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Regional Banks’ Commercial Real Estate Exposure More Substantial Than It Appears


The regional banking sector's risk from distress in the commercial real estate industry appears to be larger than previously known, a new analysis found, posing a threat to the wider economy. 

Banks in total have roughly $3.6T of exposure to commercial real estate, equivalent to 20% of their deposits, according to an analysis The Wall Street Journal published Wednesday. 

Small and midsized banks — those with less than $250B in assets — held about three-quarters of all commercial real estate loans as of the second quarter, the WSJ found. 

As fundamentals in some commercial real estate markets erode, banks could face a period of shocks as borrowers default in higher numbers, and the banking pain would further depress CRE — touching off a so-called doom loop scenario. 

“The plumbing is clogged right now,” RXR Realty CEO Scott Rechler told the WSJ. “And that is going to create a backup that will eventually overflow on the commercial real estate markets and on the banking system.”

CRE has other sources of capital besides banks, including private debt funds, mortgage REITs and bond investors. The catch is that many of those entities depend on bank loans themselves, and banks have cut back.

During a period of historically low interest rates in the seven years leading up to 2022, banks nearly doubled their direct lending to landlords to $2.2T. Small and midsized banks made up 74% of the increase during that time.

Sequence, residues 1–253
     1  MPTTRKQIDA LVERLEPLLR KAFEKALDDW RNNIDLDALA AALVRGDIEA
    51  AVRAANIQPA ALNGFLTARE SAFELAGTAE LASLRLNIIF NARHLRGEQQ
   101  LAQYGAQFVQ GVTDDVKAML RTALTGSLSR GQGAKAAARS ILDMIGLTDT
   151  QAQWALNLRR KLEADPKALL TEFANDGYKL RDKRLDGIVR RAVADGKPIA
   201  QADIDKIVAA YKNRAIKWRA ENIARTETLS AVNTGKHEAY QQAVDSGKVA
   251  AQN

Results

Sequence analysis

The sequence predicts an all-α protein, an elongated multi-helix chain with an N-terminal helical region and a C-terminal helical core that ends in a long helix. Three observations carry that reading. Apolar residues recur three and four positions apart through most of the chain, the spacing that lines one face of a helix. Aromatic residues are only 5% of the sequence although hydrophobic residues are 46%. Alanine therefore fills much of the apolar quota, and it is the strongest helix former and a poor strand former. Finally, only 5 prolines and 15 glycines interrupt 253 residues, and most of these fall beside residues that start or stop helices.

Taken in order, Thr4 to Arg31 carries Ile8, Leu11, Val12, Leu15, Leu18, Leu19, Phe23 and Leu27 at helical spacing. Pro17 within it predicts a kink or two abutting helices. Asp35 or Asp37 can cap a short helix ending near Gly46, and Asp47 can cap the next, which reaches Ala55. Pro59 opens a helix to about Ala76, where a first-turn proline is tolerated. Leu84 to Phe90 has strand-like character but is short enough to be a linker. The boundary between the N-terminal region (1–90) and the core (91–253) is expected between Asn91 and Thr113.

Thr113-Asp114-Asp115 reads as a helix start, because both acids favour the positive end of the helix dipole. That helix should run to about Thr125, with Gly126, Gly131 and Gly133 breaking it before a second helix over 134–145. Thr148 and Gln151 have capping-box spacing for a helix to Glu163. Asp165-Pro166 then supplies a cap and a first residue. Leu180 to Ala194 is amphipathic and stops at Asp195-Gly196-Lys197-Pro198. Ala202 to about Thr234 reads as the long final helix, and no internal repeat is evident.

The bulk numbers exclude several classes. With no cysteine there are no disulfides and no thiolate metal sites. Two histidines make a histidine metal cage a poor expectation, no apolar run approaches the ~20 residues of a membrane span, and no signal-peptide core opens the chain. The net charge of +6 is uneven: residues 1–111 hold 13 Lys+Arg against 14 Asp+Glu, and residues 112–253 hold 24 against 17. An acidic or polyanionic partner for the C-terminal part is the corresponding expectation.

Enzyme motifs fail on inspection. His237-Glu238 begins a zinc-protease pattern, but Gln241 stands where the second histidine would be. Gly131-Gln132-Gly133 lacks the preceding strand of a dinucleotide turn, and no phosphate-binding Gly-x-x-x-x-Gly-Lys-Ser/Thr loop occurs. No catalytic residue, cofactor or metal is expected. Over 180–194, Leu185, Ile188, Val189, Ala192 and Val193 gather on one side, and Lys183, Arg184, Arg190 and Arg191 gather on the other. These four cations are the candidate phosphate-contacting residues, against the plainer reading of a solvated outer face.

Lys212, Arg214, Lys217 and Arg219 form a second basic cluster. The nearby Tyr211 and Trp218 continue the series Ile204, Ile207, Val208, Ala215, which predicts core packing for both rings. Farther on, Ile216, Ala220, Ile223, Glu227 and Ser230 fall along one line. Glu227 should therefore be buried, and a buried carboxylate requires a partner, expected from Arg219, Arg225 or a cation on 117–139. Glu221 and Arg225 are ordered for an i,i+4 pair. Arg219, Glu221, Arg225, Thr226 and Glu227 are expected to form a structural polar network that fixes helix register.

That isn't the entirety of banks' exposure, however, the WSJ reported. Counting loans made to nonbank lenders who serve CRE, as well as purchases of bonds tied to commercial real estate, the paper estimates total exposure at $3.6T.

The potential doom loop formed by banks and CRE could impact much more than those industries, especially if employees remain successful in retaining the remote work patterns established earlier in the pandemic, thus keeping downtown office values depressed.

Downtowns, especially in midsized cities, face permanent contractions as fewer people work there or visit for any other reason, a dynamic that reinforces itself.

“Once those offices are empty, there are few alternatives and not a lot of life after hours,” Stijn Van Nieuwerburgh, who is a professor of real estate and finance at Columbia University, told The Washington Post